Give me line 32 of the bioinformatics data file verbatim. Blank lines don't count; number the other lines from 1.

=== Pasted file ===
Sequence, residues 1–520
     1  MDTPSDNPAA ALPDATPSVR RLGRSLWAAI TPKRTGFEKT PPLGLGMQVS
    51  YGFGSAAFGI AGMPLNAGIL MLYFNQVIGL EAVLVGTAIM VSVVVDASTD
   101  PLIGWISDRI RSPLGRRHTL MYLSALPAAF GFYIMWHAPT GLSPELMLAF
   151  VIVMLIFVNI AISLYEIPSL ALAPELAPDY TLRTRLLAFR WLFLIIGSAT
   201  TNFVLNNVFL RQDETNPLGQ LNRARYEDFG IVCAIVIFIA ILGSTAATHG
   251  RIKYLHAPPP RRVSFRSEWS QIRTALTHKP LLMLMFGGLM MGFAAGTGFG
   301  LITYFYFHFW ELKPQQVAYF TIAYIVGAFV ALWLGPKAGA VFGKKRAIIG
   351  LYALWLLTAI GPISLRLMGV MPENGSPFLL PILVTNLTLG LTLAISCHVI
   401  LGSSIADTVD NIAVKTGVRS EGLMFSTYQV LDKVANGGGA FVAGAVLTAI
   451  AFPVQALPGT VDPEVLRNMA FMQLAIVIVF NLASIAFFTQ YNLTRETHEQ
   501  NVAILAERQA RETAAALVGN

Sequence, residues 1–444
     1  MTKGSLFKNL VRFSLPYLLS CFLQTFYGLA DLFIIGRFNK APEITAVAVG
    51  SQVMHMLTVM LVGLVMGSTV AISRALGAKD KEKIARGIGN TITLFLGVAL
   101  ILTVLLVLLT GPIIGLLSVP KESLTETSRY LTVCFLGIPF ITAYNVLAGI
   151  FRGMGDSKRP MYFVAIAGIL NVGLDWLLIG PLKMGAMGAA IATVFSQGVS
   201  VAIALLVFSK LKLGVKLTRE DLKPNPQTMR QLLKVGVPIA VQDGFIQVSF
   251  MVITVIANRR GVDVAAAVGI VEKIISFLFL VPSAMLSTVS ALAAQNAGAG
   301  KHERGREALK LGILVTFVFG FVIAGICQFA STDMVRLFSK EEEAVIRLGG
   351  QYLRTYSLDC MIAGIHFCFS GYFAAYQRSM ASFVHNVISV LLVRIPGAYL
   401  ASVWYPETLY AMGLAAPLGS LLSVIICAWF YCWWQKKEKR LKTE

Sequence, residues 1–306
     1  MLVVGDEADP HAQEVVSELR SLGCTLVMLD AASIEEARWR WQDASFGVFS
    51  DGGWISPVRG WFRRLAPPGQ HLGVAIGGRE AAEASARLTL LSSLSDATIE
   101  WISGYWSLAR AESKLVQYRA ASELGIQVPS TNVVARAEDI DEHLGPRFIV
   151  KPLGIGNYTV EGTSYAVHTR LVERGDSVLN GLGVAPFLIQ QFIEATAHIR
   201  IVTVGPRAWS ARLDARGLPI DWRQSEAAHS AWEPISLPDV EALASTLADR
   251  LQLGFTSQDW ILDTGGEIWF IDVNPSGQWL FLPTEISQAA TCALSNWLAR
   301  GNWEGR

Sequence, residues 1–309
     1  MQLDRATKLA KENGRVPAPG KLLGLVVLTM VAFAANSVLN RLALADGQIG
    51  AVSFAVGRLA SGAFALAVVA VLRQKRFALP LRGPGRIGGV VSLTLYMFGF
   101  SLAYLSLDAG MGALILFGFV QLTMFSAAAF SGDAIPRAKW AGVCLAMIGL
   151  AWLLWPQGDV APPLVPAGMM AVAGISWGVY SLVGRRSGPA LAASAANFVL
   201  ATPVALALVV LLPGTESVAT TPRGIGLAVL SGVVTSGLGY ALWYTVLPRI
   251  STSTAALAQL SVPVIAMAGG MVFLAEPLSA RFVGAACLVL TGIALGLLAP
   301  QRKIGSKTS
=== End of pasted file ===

     1  MQLDRATKLA KENGRVPAPG KLLGLVVLTM VAFAANSVLN RLALADGQIG